Exploit: Phishing attack
Ameritas: Insurance company operating as a subsidiary of Ameritas Mutual Holding Company
Risk to Small Business: Severe: Several employees fell for a phishing scam and provided their credentials to hackers who used that information to access customer data. The insurance company disabled the affected accounts and issued a company-wide, mandatory password reset. The company’s quick actions certainly prevented the data breach from becoming more expansive, but even temporary access can allow hackers to inflict significant damage on a company’s data security. Because Ameritas failed to adequately prepare their employees for a phishing scam, they will now incur the significant cost of hiring an external security firm to shore up their data integrity, even as they face the less quantifiable reputational cost that always accompanies a data breach.
Individual Risk: Severe: Hackers accessed customers’ personally identifiable information, including names, addresses, email addresses, social security numbers, and policy numbers. Ameritas is offering one year of free credit and identity monitoring services, and anyone impacted by this data breach should enroll in these programs. At the same time, they should diligently monitor their accounts for unusual or suspicious activity.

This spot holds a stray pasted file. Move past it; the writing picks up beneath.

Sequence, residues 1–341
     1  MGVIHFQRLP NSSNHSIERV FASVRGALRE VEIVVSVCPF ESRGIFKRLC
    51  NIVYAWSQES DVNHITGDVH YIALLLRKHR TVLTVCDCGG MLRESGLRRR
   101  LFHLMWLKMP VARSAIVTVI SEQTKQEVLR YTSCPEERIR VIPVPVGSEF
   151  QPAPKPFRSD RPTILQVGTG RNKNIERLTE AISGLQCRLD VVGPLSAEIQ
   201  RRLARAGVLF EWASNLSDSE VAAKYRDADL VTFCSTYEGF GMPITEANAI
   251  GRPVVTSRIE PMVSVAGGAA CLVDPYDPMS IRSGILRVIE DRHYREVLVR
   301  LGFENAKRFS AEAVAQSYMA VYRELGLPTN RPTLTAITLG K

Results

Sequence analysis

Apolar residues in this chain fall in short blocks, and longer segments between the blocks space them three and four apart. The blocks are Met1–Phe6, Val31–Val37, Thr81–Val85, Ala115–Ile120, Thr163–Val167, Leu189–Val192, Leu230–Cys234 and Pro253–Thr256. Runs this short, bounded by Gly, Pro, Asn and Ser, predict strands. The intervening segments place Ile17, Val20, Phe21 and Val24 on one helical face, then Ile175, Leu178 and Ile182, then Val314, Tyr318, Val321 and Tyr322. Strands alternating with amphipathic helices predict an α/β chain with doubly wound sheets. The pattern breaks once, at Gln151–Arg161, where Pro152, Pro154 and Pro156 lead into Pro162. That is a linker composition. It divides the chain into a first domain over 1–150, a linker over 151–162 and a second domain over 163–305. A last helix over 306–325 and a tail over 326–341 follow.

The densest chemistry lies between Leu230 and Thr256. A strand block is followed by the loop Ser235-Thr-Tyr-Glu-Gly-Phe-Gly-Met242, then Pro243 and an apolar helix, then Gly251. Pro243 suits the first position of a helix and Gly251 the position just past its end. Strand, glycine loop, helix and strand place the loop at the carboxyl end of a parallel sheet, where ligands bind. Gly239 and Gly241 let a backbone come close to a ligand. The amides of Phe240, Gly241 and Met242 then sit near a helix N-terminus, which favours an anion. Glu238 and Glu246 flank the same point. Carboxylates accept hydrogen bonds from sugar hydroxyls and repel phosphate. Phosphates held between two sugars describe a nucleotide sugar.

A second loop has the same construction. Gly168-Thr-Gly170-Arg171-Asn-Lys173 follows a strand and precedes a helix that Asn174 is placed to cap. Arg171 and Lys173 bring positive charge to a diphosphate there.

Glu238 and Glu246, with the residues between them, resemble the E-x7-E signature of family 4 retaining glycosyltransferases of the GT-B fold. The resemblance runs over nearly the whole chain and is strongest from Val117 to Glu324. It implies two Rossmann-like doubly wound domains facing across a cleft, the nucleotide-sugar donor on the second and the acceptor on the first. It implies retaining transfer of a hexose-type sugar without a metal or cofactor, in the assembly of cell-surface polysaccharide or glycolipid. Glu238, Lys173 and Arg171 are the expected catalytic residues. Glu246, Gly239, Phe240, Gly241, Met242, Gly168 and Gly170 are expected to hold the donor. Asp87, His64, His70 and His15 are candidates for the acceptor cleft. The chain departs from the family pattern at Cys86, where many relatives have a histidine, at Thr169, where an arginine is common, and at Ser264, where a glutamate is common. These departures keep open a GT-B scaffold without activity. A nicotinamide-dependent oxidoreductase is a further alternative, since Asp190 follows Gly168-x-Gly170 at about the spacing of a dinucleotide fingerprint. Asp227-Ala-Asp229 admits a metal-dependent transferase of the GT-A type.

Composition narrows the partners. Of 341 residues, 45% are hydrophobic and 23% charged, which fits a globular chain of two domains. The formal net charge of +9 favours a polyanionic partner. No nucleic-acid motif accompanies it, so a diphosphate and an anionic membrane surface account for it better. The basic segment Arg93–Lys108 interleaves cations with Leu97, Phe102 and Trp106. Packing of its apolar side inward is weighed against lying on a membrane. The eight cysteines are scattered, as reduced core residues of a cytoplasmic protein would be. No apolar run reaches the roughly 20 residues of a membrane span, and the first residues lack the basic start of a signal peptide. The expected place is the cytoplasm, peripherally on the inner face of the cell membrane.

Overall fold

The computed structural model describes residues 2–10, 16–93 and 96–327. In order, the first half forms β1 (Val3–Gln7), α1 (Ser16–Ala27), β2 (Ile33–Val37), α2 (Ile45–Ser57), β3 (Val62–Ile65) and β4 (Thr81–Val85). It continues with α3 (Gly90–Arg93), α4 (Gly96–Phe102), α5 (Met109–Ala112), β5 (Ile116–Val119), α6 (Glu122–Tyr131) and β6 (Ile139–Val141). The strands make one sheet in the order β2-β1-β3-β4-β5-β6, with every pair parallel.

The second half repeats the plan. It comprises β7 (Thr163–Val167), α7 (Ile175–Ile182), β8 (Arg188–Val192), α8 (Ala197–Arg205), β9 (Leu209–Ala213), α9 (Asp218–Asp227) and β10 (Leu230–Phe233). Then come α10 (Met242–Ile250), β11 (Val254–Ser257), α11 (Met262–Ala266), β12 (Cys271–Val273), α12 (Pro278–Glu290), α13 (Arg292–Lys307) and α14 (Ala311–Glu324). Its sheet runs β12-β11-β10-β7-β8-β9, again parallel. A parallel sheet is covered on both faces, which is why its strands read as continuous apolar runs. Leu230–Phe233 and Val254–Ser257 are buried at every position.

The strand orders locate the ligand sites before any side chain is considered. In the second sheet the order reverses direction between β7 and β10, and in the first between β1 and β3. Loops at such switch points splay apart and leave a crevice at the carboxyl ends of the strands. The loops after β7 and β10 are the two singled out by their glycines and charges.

Customers Impacted: Unknown
How it Could Affect Your Business: The cost of a data breach is higher now than ever before, which makes a preventable data breach even more egregious. Consequently, awareness training should be a top priority for every company. The expense of credit and identity monitoring services, reputational damage, and IT upgrades far exceeds the awareness training that can prevent phishing scams from compromising customer data.
In Other News: Capital One Data Breach Impacts US and Canadian Customers
An expansive data breach at the credit card juggernaut, Capital One Financial, has compromised the personal information for more than 100 million US and Canadian customers.
The breach exposed the personal data for more than six-million Canadians, making it one of the most significant data breaches in the country’s history. Capital One, which provides Mastercard credit cards for retailers like Costco Wholesale and Hudson Bay Company, noted that the data is primarily restricted to consumers and small businesses who applied for a credit card between 2005 and 2019.
The data includes names, addresses, postal codes, phone numbers, dates of birth, and incomes. For US customers, the stolen data also includes 80,000 linked bank account numbers and 140,000 social security numbers.
The incident is just the latest wide-spread data breach impacting small businesses and consumers, making their preemptive data protection a must-have element of personal or organization data security.